Previously placed in Lepisosteus by Suttkus (1963); placed by Wiley (1976) in the genus Atractosteus (Lee and Wiley 1980). Species is separable from Lepisosteus osseus (longnose gar) and L. oculatus (spotted gar) by its large size and broad, short snout (Suttkus 1963); young A. spatula distinguishable from young of L. oculatus, L. osseus, and L. platostomus (shortnose gar) by the light dorsal stripe versus a dark middorsal streak (Suttkus 1963; Simon and Wallus 1989).
Hybridization between A. spatula and L. osseus has been reported (Gilbert 1992). Herrington et al. (2008) provided conclusive evidence of intergeneric hybridization in A. spatula and L. osseus and described hybrid specimens spawned in an aquarium: body coloration and transverse scale rows were similar to those of longnose gar; snout length and shape intermediate between those of longnose and alligator gars; two rows of teeth on the upper jaw as seen in alligator gar.
Descriptions of postlarval A. spatula provided by Moore et al. (1973), and juveniles described by Suttkus (1963) and May and Echelle (1968). Early development of specimens from Lake Texoma (Oklahoma-Texas) described by Simon and Wallus (1989).
Cestoda: Proteocephalus ambloplitis. Trematoda: Clinostomum, Rhipidocotyle lepisostei. Nemata: Contracaecum spiculigerum, Dechelyne lepisosteus (Wardle 1990; Mayberry et al. 2000), and Crustacea: Ergalis versicolor (Hoffman 1967).
Commercial or Environmental Importance
Popular recreational target for bowfishing; some populations sustain a commercial harvest. With their large size, large teeth, and opportunistic feeding behavior, alligator gars are intimidating and often a concern to human swimmers. Attacks on humans have not been confirmed. However, one credible account was described by an old fisherman from the Rio Grande Valley. As a young boy, he and his brother were swimming in a deep, slack water area of the Rio Grande near a makeshift dock. While swimming, he felt something grasp and scrap his leg. Feeling pain, he turned and swum toward the dock. Halfway to the dock, he felt something attempt to grasp and then scrap his bare chest. He immediately grabbed for the attacker, feeling the mouth and head of a gar. After reaching the dock, he called for his brother to get out of the water. By this time his leg and chest were superficially scraped and bleeding although the gar’s teeth did not penetrate the dermis layer of his skin. He and his brother waited for a few minutes on the dock and visually confirmed the presence of an alligator gar in the immediate vicinity of the attack.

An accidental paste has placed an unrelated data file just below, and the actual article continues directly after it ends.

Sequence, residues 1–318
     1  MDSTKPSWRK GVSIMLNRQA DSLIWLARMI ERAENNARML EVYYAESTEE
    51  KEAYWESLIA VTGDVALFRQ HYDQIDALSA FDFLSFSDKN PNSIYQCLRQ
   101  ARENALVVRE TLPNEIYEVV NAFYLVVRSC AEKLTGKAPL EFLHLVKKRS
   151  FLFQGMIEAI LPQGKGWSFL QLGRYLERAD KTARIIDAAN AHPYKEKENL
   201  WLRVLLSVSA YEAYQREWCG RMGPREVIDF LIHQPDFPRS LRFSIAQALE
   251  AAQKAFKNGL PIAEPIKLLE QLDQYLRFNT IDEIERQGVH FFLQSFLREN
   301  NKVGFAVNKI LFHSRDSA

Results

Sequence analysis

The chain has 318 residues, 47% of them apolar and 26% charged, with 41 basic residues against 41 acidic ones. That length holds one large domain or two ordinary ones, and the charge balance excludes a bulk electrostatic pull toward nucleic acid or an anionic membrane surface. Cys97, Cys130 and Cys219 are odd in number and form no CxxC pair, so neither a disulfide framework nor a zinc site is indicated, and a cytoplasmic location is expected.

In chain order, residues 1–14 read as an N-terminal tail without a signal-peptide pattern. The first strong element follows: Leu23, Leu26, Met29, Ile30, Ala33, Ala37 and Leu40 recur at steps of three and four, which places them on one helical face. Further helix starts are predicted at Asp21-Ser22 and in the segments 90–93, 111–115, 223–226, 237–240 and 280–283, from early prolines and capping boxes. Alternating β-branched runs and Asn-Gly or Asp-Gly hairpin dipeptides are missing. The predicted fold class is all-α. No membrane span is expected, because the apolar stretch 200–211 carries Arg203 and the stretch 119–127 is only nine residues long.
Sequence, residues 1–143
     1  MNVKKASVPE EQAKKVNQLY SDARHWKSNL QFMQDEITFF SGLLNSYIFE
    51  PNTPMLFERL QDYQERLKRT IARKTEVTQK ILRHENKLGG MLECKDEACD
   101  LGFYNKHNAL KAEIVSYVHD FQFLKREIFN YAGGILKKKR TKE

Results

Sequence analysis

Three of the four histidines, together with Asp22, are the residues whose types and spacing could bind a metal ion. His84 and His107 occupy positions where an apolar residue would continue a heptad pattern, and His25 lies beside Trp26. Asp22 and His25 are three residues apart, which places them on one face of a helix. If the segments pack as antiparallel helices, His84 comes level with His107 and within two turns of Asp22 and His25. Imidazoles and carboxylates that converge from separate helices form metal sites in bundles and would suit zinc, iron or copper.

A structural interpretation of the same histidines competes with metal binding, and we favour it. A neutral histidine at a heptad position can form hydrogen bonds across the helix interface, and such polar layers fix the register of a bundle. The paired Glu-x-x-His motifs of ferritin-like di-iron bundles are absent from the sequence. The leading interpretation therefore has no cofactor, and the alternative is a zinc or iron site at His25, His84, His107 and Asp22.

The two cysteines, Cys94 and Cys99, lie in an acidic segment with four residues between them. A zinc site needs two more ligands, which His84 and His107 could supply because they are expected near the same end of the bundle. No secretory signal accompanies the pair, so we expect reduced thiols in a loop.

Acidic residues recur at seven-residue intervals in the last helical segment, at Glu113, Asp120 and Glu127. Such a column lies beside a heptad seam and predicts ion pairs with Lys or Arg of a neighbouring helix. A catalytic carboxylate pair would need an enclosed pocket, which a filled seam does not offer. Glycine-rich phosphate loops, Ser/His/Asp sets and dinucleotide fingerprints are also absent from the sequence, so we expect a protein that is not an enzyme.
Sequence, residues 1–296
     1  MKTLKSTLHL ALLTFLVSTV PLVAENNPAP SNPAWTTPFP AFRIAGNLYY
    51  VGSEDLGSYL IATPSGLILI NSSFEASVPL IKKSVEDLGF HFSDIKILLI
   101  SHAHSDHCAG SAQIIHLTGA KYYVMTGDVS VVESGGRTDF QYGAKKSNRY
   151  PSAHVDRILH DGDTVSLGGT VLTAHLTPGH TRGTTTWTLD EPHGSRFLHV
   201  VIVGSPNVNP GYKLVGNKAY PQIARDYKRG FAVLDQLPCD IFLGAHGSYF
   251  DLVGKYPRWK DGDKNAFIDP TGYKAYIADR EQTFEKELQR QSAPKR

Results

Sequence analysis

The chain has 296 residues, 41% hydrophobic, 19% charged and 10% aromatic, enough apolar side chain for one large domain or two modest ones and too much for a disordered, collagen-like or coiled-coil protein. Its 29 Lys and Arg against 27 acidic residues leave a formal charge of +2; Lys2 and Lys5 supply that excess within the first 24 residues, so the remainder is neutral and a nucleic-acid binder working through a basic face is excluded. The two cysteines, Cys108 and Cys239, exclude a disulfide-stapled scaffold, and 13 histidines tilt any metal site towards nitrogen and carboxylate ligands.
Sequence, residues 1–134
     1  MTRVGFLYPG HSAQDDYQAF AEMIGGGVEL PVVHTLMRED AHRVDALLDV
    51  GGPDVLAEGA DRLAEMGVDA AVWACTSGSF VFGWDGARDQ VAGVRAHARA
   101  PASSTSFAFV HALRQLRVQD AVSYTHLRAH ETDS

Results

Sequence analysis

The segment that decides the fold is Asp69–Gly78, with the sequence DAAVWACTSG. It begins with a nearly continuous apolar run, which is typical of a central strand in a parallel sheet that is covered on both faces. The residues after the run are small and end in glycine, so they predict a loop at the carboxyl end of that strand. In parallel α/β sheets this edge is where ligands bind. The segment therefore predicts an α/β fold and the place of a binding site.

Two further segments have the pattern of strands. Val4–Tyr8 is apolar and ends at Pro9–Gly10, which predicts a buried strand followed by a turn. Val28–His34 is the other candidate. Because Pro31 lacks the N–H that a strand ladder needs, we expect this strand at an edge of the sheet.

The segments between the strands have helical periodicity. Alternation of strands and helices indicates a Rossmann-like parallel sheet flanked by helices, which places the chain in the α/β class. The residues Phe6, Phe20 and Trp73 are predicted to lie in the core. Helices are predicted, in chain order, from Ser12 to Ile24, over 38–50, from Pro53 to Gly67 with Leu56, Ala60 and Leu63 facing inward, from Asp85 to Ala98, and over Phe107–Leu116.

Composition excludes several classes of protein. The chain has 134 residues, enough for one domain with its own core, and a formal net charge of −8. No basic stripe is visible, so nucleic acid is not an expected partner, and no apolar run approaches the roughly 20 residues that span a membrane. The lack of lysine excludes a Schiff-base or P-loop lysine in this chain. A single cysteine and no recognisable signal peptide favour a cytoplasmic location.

Bonham, K. 1941. Food of gars in Texas. Trans. Amer. Fish. Soc. 70(1):356-362.
Cook, F.A. 1959. Freshwater fishes in Mississippi. Mississippi Game and Fish Commission, Jackson. 239 pp.
Darnell, R.M. 1958. Food habits of fishes and larger invertebrates of Lake Ponchartrain, Louisiana, an estuarine community. Univ. Texas, Publ. Inst. Mar. Sci. 5:353-406.
Darnell, R.M. 1961. Trophic spectrum of an estuarine community, based on studies of Lake Ponchartrain. Ecology 42(3):553-568.
Douglas, N.H. 1974. The Fishes of Louisiana. Claitor’s Publishing Division, Baton Rouge, LA. 443 pp.
Edwards, R.J., and S. Contreras-Balderas. 1991. Historical changes in the ichthyofauna of the lower Rio Grande (Rio Bravo del Norte), Texas and Mexico. The Southwestern Naturalist 36(2):201-212.
Evermann, B.W. 1899. Report on investigations by the U.S. Fish Commission in Mississippi, Louisiana, and Texas, in 1897. Rept. U.S. Fish Comm. 24:287-310.
Ferrara, A.M. 2001. Life-history strategy of Lepisosteidae: Implications for the conservation and management of alligator gar. Ph.D. dissertation, Auburn University, Auburn. 126 pp.
Gelwick, F.P., and M.N. Morgan. 2000. Microhabitat use and community structure of fishes downstream of the proposed George Parkhouse I and Marvin Nichols I reservoir sites on the Sulphur River, Texas. Report to the Texas Water Development Board. 124 pp.
Gelwick, F.P., S. Akin, A. Arrington, and K.O. Winemiller. 2001. Fish assemblage structure in relation to environmental variation in a Texas gulf coastal wetland. Estuaries 24(2):285-296.
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Hildebrand S.F. and I.L. Towers. 1928. Annotated list of fishes collected in the vicinity of Greenwood, Mississippi, with descriptions of three new species. Bull. of the Bureau of Fisheries 43(2):105-136.